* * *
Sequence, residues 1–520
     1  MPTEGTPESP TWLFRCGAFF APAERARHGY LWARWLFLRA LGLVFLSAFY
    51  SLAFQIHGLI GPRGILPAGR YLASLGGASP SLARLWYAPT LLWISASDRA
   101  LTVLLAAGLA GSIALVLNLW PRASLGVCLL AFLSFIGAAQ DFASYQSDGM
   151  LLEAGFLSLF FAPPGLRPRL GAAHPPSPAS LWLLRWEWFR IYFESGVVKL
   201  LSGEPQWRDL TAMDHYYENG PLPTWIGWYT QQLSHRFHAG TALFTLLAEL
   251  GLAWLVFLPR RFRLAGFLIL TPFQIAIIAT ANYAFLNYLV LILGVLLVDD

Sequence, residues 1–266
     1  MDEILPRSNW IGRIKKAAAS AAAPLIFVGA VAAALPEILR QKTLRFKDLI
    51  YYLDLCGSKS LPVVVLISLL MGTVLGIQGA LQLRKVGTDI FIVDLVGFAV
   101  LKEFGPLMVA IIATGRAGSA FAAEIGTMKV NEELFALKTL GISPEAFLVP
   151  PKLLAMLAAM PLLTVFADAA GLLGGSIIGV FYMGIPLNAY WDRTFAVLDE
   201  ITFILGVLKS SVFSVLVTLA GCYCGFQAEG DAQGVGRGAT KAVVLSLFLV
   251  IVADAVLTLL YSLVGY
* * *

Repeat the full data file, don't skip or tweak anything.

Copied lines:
Sequence, residues 1–520
     1  MPTEGTPESP TWLFRCGAFF APAERARHGY LWARWLFLRA LGLVFLSAFY
    51  SLAFQIHGLI GPRGILPAGR YLASLGGASP SLARLWYAPT LLWISASDRA
   101  LTVLLAAGLA GSIALVLNLW PRASLGVCLL AFLSFIGAAQ DFASYQSDGM
   151  LLEAGFLSLF FAPPGLRPRL GAAHPPSPAS LWLLRWEWFR IYFESGVVKL
   201  LSGEPQWRDL TAMDHYYENG PLPTWIGWYT QQLSHRFHAG TALFTLLAEL
   251  GLAWLVFLPR RFRLAGFLIL TPFQIAIIAT ANYAFLNYLV LILGVLLVDD

Sequence, residues 1–266
     1  MDEILPRSNW IGRIKKAAAS AAAPLIFVGA VAAALPEILR QKTLRFKDLI
    51  YYLDLCGSKS LPVVVLISLL MGTVLGIQGA LQLRKVGTDI FIVDLVGFAV
   101  LKEFGPLMVA IIATGRAGSA FAAEIGTMKV NEELFALKTL GISPEAFLVP
   151  PKLLAMLAAM PLLTVFADAA GLLGGSIIGV FYMGIPLNAY WDRTFAVLDE
   201  ITFILGVLKS SVFSVLVTLA GCYCGFQAEG DAQGVGRGAT KAVVLSLFLV
   251  IVADAVLTLL YSLVGY